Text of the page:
The $50 million (€38 million) investment will come in 2015 and 2016 reports NRK with reference to unclassified budget details from the U.S. Air Force. The description of the investments to be made in Vardø reads “Extends the operational life of the Globus II Radar, located in Vardø, Norway. Replaces again and unsustainable hardware groups including the transmitter, mission critical computing resources and receiver-exciter subsystems.”
The short budget item justification description following the document says Globus II is part of the Space Situational Awareness that encompasses intelligence and adversary space operations; surveillance of all space objects and activities; detailed reconnaissance of specific space assets; monitoring space environmental conditions; monitoring cooperative space assets; and conducting integrated command, control, communications, processing, analysis, dissemination, and archiving activities.
The book quotes MIT Professor Theodor Postol saying “It is very difficult to understand how the Vardø radar not will be used as part of the U.S. missile defence. The reason for this is because it is the only radar that has the capability to tell the difference between a real warhead and a dummy. It is the only radar with a resolution and a range that can provide information about the difference between a warhead and a dummy in an attempt to track an intercontinental nuclear missile from Iran to central parts or the east coast of the United States.”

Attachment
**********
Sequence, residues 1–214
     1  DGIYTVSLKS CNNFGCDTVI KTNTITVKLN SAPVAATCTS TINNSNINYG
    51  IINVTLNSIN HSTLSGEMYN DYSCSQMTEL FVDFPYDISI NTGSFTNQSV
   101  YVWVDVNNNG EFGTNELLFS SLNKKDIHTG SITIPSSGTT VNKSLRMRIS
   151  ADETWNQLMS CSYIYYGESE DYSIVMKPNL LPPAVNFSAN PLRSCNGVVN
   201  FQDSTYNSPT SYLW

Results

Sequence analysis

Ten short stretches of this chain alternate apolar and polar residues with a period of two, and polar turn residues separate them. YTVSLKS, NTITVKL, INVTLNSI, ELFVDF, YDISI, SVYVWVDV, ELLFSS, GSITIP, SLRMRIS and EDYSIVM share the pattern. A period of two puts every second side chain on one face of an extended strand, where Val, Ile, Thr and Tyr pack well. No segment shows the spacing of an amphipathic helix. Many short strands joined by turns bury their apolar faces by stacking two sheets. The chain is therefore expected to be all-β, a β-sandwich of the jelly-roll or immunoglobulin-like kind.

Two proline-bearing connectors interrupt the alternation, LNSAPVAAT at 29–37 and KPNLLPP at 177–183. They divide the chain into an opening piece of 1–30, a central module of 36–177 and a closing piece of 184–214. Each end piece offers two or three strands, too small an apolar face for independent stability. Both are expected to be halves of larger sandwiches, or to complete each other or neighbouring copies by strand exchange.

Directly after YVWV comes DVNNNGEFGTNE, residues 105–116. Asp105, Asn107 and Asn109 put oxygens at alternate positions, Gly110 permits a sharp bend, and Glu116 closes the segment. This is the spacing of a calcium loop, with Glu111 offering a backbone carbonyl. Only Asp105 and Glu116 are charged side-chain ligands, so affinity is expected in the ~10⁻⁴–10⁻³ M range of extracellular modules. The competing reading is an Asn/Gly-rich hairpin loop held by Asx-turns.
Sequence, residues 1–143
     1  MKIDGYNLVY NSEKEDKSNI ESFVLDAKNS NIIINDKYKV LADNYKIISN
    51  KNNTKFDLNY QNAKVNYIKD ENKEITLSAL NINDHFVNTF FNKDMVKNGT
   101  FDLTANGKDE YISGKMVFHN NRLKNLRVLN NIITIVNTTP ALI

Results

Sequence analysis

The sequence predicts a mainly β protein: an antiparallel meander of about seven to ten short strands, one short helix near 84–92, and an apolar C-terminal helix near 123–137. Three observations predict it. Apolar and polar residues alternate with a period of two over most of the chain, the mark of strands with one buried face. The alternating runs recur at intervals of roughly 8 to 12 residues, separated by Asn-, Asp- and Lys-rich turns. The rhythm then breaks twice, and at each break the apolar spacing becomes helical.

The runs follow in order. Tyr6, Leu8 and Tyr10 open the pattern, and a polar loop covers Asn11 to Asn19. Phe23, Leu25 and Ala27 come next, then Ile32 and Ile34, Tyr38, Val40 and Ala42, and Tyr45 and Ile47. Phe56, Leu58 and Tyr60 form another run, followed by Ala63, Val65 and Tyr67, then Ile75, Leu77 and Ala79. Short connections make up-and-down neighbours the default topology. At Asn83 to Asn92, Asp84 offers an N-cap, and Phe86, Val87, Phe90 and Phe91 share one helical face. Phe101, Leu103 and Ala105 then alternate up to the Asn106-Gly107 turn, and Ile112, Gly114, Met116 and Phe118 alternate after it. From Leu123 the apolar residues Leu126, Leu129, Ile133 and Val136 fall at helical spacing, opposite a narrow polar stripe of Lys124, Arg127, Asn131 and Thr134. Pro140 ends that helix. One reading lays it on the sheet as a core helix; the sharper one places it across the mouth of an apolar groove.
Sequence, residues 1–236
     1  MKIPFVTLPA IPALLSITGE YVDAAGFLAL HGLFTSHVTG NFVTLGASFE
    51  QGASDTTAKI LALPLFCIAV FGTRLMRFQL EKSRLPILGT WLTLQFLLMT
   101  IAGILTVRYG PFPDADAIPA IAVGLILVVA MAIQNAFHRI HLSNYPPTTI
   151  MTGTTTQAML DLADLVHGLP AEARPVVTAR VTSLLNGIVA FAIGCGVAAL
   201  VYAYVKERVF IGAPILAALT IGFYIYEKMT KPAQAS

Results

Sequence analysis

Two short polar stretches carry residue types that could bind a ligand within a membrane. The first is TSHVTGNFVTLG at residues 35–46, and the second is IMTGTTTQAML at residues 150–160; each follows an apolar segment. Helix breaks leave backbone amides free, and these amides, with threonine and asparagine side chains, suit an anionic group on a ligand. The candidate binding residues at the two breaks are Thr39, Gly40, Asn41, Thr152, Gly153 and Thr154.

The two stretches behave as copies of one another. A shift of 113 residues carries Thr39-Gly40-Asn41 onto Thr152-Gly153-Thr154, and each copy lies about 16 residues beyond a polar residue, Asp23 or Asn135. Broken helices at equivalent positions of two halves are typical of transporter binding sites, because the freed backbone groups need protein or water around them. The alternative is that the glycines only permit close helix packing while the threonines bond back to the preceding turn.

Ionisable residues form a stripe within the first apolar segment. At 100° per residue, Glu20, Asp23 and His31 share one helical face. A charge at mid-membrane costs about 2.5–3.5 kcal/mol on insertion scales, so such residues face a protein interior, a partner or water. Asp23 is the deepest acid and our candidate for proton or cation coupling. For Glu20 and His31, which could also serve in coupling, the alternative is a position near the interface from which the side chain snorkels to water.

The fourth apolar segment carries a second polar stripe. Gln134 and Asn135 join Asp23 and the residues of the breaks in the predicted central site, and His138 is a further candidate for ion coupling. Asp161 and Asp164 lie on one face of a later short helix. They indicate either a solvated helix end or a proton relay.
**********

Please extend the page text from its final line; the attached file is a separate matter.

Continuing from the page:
The Norwegian Ministry of Defense confirms the U.S. investments in an e-mail to NRK and writes that the radar system is a Norwegian, American cooperation that was initiated in the late 90ties. “Prologing the fatigue life does not cause any changes in the radar system’s tasks,” the e-mail reads.
In 2007, Norway’s then-Ambassador to Russia, Øyvind Nordsletten, confirmed that one of the tasks of the Globus II radar is to monitor developments in Norway’s neighboring area.
Speaking at Oslo Militære Samfund, Nordsletten told the audience about certain Russian critics regarding some Norwegian dispositions. “This applies especially to the Globus II radar in Vardø and military excersises in Finnmark. We respond to this that the radar is under Norwegian control, and, yes - it also has the task to monitor the development in our neighboring area, which is important to avoid uncertainty.”
Russia’s Northern fleet ballistic missile submarines have their homeport less than 100 kilometers east of Vardø and sails frequently in the Barents Sea.